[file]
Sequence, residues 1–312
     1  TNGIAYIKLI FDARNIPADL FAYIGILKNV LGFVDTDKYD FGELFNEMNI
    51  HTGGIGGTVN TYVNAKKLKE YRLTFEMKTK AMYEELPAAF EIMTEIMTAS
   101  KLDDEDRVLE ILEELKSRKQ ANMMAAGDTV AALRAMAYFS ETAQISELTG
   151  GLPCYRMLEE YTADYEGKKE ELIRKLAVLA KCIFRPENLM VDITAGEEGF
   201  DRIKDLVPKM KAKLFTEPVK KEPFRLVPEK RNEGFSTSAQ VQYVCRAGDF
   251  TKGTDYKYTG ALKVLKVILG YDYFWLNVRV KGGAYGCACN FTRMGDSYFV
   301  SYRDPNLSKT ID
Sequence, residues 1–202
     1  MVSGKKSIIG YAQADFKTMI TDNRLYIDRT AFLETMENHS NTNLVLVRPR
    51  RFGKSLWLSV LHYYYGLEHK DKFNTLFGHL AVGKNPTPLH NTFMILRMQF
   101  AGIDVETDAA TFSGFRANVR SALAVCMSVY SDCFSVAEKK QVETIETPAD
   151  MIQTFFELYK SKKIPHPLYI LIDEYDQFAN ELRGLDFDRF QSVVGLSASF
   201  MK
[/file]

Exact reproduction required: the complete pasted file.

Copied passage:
Sequence, residues 1–312
     1  TNGIAYIKLI FDARNIPADL FAYIGILKNV LGFVDTDKYD FGELFNEMNI
    51  HTGGIGGTVN TYVNAKKLKE YRLTFEMKTK AMYEELPAAF EIMTEIMTAS
   101  KLDDEDRVLE ILEELKSRKQ ANMMAAGDTV AALRAMAYFS ETAQISELTG
   151  GLPCYRMLEE YTADYEGKKE ELIRKLAVLA KCIFRPENLM VDITAGEEGF
   201  DRIKDLVPKM KAKLFTEPVK KEPFRLVPEK RNEGFSTSAQ VQYVCRAGDF
   251  TKGTDYKYTG ALKVLKVILG YDYFWLNVRV KGGAYGCACN FTRMGDSYFV
   301  SYRDPNLSKT ID
Sequence, residues 1–202
     1  MVSGKKSIIG YAQADFKTMI TDNRLYIDRT AFLETMENHS NTNLVLVRPR
    51  RFGKSLWLSV LHYYYGLEHK DKFNTLFGHL AVGKNPTPLH NTFMILRMQF
   101  AGIDVETDAA TFSGFRANVR SALAVCMSVY SDCFSVAEKK QVETIETPAD
   151  MIQTFFELYK SKKIPHPLYI LIDEYDQFAN ELRGLDFDRF QSVVGLSASF
   201  MK